Fejer believes Saturday's program will leave a last-
ing effect on the audience long after the show. And
with such fine artists presenting these musical and
poetic treasures, they can certainly expect an uplift-
ing performance. "We're taking about primal feelings
and passion - it's a very moving program," said
Fejer. "It just feels great to dive into it."

One of the world's finest mezzo-
sopranos, Anne Sophie von Otter
will sing with the renowned
ensemble Les Musiciens du Louvre
this Friday. Together they will pres-
ent a program that displays the
beauty of the 17th and 18th cen-
turies and show why they are com-
mitted to preserving it.
The Baroque period featured
men who were able to sing
extremely high for their gender.
This was accomplished by remov-
ing young boys' family jewels so
they would not enter puberty, and
therefore be able to play women in
the theatre. These men were called
castrati. In the present era, howev-
er, there are talented women who
perform the elaborate music com-
posed for these men during the
Baroque period.
Anne Sophie von Otter began her
vocal studies in Sweden and has
performed numerous roles in major
operas, such as "Carmen" and
"Staden." Her career started as an
alto instead of a high soprano when
she joined the Basel Opera in
1982. Since then she has flourished
and taken advantage
of modern technolo-
gies in the recording
studio. Her repertoire LES MU
may contain classical DU LoU
pieces, but she pushes ANNE
her interpretations to VON (
the limit with con-
stant experimentation At Hill A
in the studio.
Marc Minkowski FridaTa
founded Les Musi- 764-2
ciens du Louvre in UnivesityM
1982 when he com- _________
mitted himself to
defending 17th and 18th century
works. The self-taught conductor
has not been limited to the Baroque
period and has taken every oppor-
tunity to branch out to other peri-
ods. His ensemble is a major
European period instrumental
group. Les Musiciens Du Louvre
are based in Grenoble, France and
have performed in the most presti-
gious places in the world, such as
at the Cologne Philharmonic and
the London Barbican Centre.
Their program included selec-
tions from their beloved Baroque
period. They will perform four


it E

Courtesy of Cantabile Subito
Mezzo-Soprano Anne Sophie von Otter
works from the English composer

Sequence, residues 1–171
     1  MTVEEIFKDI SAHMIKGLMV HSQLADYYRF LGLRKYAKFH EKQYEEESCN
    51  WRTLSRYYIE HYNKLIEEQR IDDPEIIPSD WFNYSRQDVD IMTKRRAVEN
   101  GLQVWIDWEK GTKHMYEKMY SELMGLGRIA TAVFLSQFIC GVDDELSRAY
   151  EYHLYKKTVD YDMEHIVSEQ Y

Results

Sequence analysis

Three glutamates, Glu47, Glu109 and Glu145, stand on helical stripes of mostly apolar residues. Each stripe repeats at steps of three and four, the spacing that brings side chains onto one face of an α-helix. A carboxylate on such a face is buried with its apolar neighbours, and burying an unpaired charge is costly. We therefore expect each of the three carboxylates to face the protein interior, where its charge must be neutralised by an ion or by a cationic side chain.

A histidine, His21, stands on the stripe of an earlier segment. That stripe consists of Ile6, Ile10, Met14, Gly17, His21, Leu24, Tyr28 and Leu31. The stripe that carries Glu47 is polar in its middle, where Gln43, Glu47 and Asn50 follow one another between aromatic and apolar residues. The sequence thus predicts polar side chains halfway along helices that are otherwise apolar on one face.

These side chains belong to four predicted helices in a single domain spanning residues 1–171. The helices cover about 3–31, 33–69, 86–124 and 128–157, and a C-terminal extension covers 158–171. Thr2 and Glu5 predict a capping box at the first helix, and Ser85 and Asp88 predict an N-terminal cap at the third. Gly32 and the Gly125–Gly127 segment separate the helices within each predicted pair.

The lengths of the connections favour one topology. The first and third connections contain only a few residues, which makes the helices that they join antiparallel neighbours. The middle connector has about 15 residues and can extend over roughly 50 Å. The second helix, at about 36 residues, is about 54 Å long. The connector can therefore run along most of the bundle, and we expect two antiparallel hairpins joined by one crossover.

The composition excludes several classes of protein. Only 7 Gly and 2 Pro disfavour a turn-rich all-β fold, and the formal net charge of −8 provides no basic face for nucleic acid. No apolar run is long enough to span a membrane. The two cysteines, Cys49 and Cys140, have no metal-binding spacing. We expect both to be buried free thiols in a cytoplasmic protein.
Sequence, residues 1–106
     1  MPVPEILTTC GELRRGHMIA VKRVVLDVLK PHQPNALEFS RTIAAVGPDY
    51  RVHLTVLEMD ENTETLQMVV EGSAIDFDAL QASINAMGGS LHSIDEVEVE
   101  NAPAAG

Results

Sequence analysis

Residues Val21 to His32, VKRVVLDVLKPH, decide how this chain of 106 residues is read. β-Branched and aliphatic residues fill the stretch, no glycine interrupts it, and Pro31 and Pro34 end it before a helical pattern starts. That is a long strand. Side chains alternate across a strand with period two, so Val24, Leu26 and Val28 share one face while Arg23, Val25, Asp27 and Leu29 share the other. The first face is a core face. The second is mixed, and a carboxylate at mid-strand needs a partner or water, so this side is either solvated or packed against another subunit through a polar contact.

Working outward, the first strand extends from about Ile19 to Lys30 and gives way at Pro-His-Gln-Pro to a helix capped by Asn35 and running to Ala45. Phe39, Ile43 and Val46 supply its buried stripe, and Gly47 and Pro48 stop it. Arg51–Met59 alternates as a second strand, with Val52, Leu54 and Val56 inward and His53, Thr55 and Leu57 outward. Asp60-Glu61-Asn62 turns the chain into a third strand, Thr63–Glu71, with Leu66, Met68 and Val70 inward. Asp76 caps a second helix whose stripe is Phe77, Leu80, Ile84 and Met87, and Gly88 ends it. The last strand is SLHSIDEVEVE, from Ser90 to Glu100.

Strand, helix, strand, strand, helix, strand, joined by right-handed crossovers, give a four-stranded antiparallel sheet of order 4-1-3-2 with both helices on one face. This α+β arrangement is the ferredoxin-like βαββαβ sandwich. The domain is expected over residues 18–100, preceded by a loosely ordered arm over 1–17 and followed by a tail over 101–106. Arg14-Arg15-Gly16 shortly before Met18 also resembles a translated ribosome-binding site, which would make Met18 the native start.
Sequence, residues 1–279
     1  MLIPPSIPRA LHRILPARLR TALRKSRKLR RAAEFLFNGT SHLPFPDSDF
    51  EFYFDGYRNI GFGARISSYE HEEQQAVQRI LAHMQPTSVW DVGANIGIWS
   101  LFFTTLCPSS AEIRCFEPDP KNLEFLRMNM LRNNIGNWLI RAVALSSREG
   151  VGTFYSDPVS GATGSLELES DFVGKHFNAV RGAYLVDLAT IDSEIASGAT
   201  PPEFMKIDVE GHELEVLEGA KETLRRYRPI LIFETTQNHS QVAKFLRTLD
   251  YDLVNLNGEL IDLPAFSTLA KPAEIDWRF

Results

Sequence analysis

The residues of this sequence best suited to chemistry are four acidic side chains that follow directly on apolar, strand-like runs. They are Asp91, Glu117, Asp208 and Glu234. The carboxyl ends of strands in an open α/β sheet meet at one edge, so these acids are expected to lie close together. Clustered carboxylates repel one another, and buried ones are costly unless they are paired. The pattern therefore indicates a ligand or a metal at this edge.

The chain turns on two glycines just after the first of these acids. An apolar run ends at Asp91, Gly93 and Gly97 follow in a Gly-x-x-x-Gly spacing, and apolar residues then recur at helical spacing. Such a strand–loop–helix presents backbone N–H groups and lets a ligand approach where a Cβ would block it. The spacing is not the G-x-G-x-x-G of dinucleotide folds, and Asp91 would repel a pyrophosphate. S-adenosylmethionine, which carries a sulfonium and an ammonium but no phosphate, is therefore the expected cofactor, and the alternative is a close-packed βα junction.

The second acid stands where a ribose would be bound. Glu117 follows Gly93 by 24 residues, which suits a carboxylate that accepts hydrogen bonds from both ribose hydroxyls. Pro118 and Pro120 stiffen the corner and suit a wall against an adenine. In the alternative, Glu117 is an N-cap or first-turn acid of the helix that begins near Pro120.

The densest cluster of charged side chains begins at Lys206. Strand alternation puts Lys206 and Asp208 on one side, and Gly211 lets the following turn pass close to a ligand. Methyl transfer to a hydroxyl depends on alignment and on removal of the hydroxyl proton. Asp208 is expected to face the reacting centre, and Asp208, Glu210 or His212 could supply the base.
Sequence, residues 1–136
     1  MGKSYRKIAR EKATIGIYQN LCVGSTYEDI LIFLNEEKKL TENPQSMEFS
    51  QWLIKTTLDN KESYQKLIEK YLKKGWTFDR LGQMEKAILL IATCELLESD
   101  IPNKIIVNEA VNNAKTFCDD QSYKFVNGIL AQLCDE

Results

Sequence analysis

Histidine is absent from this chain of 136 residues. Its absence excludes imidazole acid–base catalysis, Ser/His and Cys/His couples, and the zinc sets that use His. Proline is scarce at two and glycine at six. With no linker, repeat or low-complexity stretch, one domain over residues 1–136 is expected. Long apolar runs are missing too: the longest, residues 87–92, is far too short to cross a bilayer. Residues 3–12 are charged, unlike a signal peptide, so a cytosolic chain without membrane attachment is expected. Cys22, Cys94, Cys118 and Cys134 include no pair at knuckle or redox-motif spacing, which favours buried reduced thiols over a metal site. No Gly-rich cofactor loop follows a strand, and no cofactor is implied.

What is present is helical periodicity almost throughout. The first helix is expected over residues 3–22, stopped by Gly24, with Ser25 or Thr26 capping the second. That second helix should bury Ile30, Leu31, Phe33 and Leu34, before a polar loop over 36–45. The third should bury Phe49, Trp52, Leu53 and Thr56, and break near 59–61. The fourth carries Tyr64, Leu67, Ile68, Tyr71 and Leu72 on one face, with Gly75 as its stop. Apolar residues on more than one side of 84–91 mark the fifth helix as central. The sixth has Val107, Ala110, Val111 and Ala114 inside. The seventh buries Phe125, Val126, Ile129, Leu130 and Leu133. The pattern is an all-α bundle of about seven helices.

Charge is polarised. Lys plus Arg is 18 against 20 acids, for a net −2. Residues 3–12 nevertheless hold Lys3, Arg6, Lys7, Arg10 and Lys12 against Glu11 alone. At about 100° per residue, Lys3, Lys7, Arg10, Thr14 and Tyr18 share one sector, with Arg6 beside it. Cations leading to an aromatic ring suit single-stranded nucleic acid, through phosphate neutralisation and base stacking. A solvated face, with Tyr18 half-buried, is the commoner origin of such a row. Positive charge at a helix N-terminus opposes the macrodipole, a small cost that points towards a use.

Handel. His "Concerto Grosso in G
Major, Op. 6, No. 1" and "Qui
d'amor, nel suo lin-
guaggio" show off the
distinctness of the peri-
ICIENS od von Otter and Les
RE AND Musiciens du Louvre
OPHIE devote so much of their
TTER time. The other two
Handel pieces are
ditorium works from the opera
"Ariodante." The opera
2 P.M. explores the mutual
38 love between a
ical Society princess and her
betrothed and the sinis-
ter duke who wishes to
marry the princess for political rea-
sons. He plots revenge against the
couple in this "Othello"-type story.
Von Otter and the Musiciens will
also perform a piece by the father
of the Baroque period, Johann
Sebastian Bach. This piece, titled
"ich habe genug," is a church work
that features von Otter in a delicate
soprano part. The show concludes
with Rameau's "Orchestral Suite
from Les Boreades." Rameau is
known for his avant-garde
approach to composition and was
an innovator during the Baroque



Courtesy or UMS
Takacs and Pinsky smile pretty for the camera

'Shackleton' DVD lacks extras, but still delivers


By Ryan Blay
Daily TV/New Media Editor

British pounds to fund the expedi-
tion, the charismatic captain had to

with such passionately delivered
lines, as "I will not fail!" They

Kenneth Branagh is known more
for his acting skills than his mod-
esty. If this was ever in question, the
recent A&E presentation of "Shack-
leton" left this beyond doubt.
Branagh portrays British Capt.
Sir Ernest Shackleton, the leader of
a 1914 expedition to Antarctica. He
and his 27 men expected to be the
first crew ever to cross over the
whole continent. But they had more
than just the typical cold and ice to
face. To raise the thousands of

solicit the Royal Geo-
graphical Society, woo
private investors and
most importantly, raise
a crew.
Posting an advertise-
ment noting poor
wages, the long jour-
ney, danger and poten-
tial glory, Shackleton
took his crew from
South America to the


reached the continent
all right, but the tra-
vails they faced were
amazingly difficult.
The men grew discon-
tented as the ship, The

Show: ****
Features: **
A &]


Endurance, is
destroyed and the time
passes. Without reveal-
ing the ending (and
E whether anyone per-
ished on the trip), it
should be noted that zealous animal
lovers and people disgusted by

Weddell Sea while Britain was
entering World War I. He proceeded

frostbite probably should pass on
this fine work.
Although Shackleton's crew,
including Henry "Skippy"
McNeish, photographer Frank Hur-
ley and second-in-command Frank
Wild are fleshed out well, it is obvi-
ous the focus is on Branagh and his
near-Shakespearean interpretation
of the captain. Ernest wasn't the
best parent or husband, but as cap-
tain he was outstanding in times of
trouble. The story seems destined to
prove without Shackleton, the expe-
dition would not have functioned as
well as it did with the occasionally
dictatorial but generally humorous
The story was filmed beautifully
in Greenland. The views are stun-
ning. But the suspenseful and well-
acted story saves the two-part series
from degenerating into a typical
made-for-TV event. Branagh cap-
tures Shackleton's charisma and
leadership, as well as his character
flaws and his suffering at the hands
of sciatica.
That said, the DVD extras fail to

do justice to _ ..'
the series. A
biography and
are provided
for Branagh,
but none of the
fine support- h.
ing cast mem-
bers. The
History Chan-
nel's "Antarcti-
ca: A Frozen
History" is
despite Antarc-
tica's rich his-
tory from
Cook to
"The Making
of Shackleton," a featurette, is
equally dull despite the danger that
the filmmakers braved as they
filmed. A&E's episode on Shackle-
ton from the "Biography" series is
the lone interesting feature. It lends
valuable insight into the character
of Shackleton.

--v .. _ .. _ r - r -r -o -r


Following the outstanding "Hora-
tio Hornblower," A&E has found
another fine piece about the sea.
However, they should stick to mak-
ing TV and leave DVD work to
other companies if this is the best
they could do for a "Collector's